Light in the visible wavelength region (380-780 nm) advances to the retina. The eye is sensitive to radiation and humans have developed natural protective mechanisms. When the light appears too bright, which means the power density exceeds a damage threshold of the eye we automatically turn away and close our eyes (i.e. aversion response or blink reflex). This automatic reaction is effective for radiation up to 1 mW power. With higher power levels, too much energy reaches the eye before the blink reflex can respond, which can result in irreversible retinal damage. The near infrared wavelengths (780 - 1400 nm) are a type of radiation that is especially dangerous to the human eye because we have no natural protection against it. The radiation advances to the retina, but the exposure is only noticed after the damage is done.
Infrared radiation (1400 - 11000 nm) is absorbed at the surface of the eye. It leads to overheating of tissue and burning, or ablation of the cornea.
Daylight Transmission (VLT) and Color Vision When we wear laser safety glasses some wavelengths of the spectrum that would normally reach our eyes are filtered out. If we block light from the visible region, this inevitably changes our perception of our environment. First, by attenuation of the transmission the environment gets darker (similar to the effect of sun glasses). Second, blocking some wavelengths changes our perception of color.
VLT
The attenuation of light by a filter in the visible spectrum is defined as the visible light transmission (VLT) or luminous transmittance. The VLT is determined in relation to a standard i1luminant and evaluated according to the spectral sensitivity of the the eye to daylight-adapted (photopic) or night-adapted (scotopic) and is described in the ANSI standard Z136.7 for Testing and Labeling of Laser Protective Equipment.
Should measured VLT-value be less than 20%, the user should ensure that their working environment receives additional illumination. With a low VLT and bad illumination one can expect our eyes to adapt to so-called night vision. In doing so the color vision is restricted and the spectral sensitivity of the eyes moves towards the shorter wavelengths. For these kinds of filters it is also useful to provide the VLT-value for night vision.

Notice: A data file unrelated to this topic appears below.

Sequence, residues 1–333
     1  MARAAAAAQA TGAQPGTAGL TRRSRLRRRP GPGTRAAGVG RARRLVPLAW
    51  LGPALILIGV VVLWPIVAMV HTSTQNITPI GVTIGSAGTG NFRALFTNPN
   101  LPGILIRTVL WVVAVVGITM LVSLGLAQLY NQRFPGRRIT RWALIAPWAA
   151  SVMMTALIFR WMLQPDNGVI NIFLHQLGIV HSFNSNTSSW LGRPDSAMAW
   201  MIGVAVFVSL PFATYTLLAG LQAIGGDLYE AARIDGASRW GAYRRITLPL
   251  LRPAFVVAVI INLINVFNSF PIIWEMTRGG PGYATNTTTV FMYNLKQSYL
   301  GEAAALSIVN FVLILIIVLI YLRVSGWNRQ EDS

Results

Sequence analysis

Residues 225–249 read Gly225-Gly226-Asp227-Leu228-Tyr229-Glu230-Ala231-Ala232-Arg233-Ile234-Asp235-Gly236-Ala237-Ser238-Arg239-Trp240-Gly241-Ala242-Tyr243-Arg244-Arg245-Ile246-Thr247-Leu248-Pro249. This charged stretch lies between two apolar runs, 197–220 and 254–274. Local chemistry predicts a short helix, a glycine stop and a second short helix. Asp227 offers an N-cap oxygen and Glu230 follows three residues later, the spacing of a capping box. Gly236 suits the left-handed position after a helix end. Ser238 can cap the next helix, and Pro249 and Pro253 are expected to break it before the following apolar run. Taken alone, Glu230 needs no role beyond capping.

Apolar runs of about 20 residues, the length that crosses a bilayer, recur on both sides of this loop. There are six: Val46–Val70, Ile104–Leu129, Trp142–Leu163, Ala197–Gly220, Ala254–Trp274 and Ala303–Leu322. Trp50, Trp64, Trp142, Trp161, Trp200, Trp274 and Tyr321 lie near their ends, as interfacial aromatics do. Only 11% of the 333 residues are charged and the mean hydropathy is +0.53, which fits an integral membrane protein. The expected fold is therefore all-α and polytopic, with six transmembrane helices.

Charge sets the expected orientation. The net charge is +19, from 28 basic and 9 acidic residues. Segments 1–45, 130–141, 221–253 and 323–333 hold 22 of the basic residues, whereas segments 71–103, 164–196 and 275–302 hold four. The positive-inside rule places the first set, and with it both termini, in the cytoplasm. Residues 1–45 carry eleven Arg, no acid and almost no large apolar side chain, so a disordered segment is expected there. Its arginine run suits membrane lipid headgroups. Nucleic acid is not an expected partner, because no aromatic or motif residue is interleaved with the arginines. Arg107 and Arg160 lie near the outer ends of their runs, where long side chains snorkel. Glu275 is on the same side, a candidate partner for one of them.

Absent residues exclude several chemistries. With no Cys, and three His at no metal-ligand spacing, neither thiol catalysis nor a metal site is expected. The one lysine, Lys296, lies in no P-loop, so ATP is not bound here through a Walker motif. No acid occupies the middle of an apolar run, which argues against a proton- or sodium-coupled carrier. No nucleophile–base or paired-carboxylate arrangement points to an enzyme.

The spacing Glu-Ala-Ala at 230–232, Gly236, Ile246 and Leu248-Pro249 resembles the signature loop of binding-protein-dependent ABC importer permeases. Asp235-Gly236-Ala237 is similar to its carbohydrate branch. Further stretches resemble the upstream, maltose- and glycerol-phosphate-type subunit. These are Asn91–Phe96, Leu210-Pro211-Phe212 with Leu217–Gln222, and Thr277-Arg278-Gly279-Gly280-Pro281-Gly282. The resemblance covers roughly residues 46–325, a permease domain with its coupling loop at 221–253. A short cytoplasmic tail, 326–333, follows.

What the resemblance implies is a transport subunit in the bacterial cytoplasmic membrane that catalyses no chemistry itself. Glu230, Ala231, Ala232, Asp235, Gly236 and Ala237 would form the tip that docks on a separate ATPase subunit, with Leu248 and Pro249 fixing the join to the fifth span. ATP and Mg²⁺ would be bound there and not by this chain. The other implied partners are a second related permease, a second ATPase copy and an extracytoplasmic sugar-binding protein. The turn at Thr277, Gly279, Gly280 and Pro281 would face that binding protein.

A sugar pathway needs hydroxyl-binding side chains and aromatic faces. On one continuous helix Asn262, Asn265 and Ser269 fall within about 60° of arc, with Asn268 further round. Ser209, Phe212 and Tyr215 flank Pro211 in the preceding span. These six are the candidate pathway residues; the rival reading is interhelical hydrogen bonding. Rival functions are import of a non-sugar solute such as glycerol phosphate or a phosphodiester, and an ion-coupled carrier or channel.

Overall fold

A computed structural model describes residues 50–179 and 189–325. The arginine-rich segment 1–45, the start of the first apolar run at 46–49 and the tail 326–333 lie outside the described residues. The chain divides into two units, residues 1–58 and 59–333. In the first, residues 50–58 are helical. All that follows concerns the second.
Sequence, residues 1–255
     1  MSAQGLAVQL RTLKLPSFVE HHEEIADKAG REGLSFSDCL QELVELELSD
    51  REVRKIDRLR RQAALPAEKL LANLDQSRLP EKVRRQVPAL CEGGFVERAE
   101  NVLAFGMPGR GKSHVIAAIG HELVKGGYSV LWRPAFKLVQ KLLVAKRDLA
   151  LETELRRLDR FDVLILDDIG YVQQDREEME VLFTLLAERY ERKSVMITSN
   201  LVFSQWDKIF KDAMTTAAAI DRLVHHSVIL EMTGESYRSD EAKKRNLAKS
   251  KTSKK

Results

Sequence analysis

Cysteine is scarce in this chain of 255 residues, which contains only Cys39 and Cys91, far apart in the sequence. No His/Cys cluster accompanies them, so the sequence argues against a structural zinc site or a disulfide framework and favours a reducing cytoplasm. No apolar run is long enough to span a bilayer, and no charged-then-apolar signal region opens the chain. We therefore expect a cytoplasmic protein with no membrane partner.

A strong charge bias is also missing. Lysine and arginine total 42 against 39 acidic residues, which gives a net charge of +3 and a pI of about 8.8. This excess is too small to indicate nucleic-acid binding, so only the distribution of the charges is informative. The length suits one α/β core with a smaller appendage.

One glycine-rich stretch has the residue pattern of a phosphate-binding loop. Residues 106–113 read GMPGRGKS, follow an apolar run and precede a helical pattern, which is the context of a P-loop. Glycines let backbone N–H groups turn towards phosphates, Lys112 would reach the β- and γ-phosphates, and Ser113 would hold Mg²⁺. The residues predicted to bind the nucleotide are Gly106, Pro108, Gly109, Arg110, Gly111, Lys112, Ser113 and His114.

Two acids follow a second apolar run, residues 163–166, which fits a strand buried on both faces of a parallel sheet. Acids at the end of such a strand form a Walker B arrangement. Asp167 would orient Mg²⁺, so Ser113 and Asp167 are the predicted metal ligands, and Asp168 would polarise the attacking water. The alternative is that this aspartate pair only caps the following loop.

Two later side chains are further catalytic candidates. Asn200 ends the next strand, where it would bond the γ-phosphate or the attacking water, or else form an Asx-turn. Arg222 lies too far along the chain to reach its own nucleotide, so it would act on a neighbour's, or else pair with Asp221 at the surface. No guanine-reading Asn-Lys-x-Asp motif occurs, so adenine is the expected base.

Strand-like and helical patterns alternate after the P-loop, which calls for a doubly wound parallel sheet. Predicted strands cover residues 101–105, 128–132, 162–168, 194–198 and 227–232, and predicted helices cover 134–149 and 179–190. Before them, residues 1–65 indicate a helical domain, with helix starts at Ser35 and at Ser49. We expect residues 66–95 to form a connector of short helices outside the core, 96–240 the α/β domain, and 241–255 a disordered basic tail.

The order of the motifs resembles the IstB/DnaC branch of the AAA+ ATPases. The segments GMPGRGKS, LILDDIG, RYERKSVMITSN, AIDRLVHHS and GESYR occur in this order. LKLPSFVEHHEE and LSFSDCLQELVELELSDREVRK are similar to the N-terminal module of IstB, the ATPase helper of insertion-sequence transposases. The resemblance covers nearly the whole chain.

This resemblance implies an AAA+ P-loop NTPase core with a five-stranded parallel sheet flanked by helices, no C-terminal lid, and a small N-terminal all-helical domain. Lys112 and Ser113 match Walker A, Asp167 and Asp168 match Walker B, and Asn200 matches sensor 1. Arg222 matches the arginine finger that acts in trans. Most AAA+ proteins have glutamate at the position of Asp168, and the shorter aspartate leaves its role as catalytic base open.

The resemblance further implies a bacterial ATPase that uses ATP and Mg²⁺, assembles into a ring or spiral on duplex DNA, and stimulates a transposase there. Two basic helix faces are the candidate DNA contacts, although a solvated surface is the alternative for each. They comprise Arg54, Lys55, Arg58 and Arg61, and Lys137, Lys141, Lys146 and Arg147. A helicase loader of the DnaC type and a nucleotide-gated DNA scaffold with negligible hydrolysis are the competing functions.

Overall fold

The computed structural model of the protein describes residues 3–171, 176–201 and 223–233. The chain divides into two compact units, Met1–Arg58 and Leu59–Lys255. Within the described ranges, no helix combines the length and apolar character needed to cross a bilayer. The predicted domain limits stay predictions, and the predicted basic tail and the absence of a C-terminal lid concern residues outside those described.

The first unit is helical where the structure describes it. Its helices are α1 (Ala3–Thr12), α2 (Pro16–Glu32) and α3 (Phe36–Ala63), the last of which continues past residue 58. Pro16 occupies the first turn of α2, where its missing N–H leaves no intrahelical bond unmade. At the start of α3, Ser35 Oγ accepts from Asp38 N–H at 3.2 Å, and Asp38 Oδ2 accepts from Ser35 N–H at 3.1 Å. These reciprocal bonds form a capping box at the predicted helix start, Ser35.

Color Vision
Since our eyes can adapt to different light situations and the total amount of light can be balanced by additional illumination, another important aspect for the selection of a laser safety filter is color vision. If color vision is impaired or restricted, some colors may not be recognized. This effect may also apply to warning lights or displays, or the ability to distinguish between instruments or vessels marked by color such as those found in medical surroundings.
Laser Safety Filter Filter Technologies
Due to the unique characteristics of laser radiation (i.e. coherent, collimated and monochromatic) there is increased danger to the eyes. Therefore special optical filters that transmit 'normal' light but block laser light should be used.
Since laser light has a specific wavelength dependent on the laser active medium that emits light, protective filters that match the wavelength and power of the specific source of laser radiation are needed.

Optical Density

Optical Density (00)
Optical density is the attenuation of light that passes through an optical filter. The higher the OD value the higher the attenuation. The mathematic expression of optical density is the logarithm to the base ten of the reciprocal of the transmittance. The optical density is a measure that indicates how many decimal places the transmission shifts at the required wavelength.

Optical Density Diagram

OD (Optical Density)

Transmission in %

Attenuation Factor

0

100%

1:1

1

10%

1:10

2

1%

1:100

3

0.1%

1:1,000

...

. ..

. ..

10

0.00000001%

1:10,000,000,000

Selecting Laser Protective Eyewear
Laser Safety Officers (LSOs) should consider the actual working environment, viewing conditions and beam delivery systems when determining the most appropriate protective equipment needed to reduce potentially hazardous exposures to laser light. Laser safety eye protection options include spectacles, goggles, eye safety filters, full face shields, etc. Regardless of the specific type of eye protection system required to minimize potential exposures to levels below applicable MPEs the following types of light attenuation materials are generally used in their construction:
• Absorptive
• Reflective